Governments in Greece, Portugal, the United States and elsewhere are borrowing, and often wasting, money at a reckless pace. Why do banks and financial markets cooperate? Because there’s something in it for them.
They keep a little slice of the public money being borrowed or wasted. Only a sliver. But the more that is borrowed, the larger the sliver becomes.
This is the Sliver Strategy, and it underlies the ways many of the Western world’s wealthy institutions relate to government.
Here’s how the Sliver Strategy works. If government spends a moderate sum and an interest group gets a large share, this will be noticed and denounced. If government spends a gigantic amount and the interest group gets a sliver, this won’t be noticed. But a sliver of a gigantic amount may be more than a large share of a moderate sum.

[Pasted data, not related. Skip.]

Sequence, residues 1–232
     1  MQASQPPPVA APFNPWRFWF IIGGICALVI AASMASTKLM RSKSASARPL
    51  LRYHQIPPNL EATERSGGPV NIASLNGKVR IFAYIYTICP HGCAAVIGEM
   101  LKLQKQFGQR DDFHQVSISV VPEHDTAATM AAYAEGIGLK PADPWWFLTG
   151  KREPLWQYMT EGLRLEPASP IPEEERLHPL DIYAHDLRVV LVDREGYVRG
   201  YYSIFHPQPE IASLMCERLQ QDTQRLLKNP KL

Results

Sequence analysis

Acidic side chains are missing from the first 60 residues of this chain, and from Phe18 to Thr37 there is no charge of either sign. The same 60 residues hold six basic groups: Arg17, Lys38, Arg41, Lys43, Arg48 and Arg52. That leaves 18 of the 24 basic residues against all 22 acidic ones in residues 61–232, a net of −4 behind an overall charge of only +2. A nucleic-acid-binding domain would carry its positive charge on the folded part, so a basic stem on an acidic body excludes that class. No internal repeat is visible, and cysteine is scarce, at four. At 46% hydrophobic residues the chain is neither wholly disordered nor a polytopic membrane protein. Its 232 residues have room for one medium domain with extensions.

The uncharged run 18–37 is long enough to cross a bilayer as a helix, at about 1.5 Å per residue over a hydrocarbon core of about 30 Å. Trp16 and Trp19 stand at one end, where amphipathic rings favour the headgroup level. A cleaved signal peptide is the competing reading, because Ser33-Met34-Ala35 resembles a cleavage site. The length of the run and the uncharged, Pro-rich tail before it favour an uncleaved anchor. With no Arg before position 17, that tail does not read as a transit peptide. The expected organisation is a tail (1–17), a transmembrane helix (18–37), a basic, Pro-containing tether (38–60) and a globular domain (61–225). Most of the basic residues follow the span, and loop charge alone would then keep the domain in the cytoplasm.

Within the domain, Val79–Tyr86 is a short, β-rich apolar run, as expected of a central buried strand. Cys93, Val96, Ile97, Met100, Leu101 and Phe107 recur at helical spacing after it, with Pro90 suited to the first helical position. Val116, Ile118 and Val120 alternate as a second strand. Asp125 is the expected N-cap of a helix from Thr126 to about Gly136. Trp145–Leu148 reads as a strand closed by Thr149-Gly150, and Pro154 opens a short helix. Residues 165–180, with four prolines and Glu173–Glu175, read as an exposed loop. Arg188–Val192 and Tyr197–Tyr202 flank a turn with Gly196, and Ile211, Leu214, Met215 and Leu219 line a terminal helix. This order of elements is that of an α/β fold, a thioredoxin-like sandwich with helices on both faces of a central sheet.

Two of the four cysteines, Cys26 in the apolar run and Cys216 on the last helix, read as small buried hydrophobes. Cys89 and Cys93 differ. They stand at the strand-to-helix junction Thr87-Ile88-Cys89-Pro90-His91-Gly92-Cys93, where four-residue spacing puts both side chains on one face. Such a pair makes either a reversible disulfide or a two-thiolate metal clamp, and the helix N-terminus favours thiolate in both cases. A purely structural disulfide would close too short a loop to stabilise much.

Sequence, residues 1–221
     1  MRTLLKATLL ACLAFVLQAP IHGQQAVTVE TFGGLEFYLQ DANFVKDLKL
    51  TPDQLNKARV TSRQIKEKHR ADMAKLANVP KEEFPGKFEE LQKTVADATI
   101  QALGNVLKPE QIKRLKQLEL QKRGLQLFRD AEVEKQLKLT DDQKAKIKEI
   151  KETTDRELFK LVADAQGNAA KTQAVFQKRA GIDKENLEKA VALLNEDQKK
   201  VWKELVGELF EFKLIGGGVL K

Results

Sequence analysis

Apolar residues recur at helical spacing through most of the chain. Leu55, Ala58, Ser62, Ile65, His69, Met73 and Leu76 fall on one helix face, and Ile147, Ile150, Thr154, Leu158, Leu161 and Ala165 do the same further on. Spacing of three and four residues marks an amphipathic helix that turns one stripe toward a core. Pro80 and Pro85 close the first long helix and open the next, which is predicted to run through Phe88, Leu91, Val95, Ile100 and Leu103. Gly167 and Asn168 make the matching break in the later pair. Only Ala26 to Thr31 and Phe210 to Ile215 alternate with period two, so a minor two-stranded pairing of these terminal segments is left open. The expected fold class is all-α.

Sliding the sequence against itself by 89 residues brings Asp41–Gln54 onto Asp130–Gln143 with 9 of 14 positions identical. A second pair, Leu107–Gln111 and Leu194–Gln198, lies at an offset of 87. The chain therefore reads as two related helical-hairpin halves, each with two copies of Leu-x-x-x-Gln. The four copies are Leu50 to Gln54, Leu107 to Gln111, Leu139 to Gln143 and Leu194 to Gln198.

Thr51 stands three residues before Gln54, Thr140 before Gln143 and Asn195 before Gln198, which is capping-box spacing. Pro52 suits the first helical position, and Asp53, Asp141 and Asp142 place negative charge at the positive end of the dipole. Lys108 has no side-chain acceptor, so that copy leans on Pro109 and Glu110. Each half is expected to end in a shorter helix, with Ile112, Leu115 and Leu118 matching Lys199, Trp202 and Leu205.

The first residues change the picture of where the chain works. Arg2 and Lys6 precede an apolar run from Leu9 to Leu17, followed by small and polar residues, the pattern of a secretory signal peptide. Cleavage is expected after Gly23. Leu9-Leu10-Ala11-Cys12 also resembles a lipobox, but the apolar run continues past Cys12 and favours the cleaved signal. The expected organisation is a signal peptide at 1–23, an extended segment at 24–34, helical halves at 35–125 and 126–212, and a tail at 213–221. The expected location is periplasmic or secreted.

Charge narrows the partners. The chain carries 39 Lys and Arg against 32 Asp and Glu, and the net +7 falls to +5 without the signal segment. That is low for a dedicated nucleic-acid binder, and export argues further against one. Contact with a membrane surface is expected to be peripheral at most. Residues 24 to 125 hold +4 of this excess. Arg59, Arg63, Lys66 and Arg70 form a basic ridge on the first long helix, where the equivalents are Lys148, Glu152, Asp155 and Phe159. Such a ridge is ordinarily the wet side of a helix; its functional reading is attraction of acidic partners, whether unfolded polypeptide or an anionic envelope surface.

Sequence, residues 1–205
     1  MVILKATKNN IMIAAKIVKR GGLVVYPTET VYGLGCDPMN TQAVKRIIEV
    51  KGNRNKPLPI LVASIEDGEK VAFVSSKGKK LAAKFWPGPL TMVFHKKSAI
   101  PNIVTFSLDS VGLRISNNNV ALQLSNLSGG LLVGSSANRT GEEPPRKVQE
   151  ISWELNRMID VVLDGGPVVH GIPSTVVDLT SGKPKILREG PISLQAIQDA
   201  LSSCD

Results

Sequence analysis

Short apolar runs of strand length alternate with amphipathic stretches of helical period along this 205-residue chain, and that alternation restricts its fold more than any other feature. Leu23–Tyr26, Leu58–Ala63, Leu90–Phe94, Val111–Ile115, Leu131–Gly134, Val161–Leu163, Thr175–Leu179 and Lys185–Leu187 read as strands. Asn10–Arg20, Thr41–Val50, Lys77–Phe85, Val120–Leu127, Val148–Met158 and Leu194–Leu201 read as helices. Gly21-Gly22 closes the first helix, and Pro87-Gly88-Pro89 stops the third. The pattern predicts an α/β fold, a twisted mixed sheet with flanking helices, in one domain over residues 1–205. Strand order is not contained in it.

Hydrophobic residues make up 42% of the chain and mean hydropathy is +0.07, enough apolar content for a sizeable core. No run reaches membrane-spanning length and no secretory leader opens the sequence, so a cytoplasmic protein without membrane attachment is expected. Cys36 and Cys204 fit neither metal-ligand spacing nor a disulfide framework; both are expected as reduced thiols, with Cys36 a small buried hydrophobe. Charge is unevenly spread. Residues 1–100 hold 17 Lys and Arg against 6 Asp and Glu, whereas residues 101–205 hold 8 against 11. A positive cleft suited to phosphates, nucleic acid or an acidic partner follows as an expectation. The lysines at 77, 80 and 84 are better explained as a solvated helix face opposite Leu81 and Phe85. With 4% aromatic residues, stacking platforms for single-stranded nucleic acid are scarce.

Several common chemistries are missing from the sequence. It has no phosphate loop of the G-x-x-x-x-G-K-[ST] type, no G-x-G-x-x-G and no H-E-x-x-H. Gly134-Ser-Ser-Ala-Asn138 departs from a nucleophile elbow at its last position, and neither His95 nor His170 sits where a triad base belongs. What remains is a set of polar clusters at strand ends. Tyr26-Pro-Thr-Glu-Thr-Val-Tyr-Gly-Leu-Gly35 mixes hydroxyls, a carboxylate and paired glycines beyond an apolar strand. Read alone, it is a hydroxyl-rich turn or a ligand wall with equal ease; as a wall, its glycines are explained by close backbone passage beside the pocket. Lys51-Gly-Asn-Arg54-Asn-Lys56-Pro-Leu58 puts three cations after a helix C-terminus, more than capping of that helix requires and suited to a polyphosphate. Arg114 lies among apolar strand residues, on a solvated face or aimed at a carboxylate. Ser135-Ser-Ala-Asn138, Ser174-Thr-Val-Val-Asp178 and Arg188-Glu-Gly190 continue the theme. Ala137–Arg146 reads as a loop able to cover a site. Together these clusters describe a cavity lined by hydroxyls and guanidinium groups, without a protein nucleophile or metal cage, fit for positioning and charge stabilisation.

Many sovereign bonds and similar securities, for instance, are accompanied by credit-default swaps, which may amount to around half a percent of the amount borrowed. That’s just a sliver. But the more borrowed, the larger the sliver.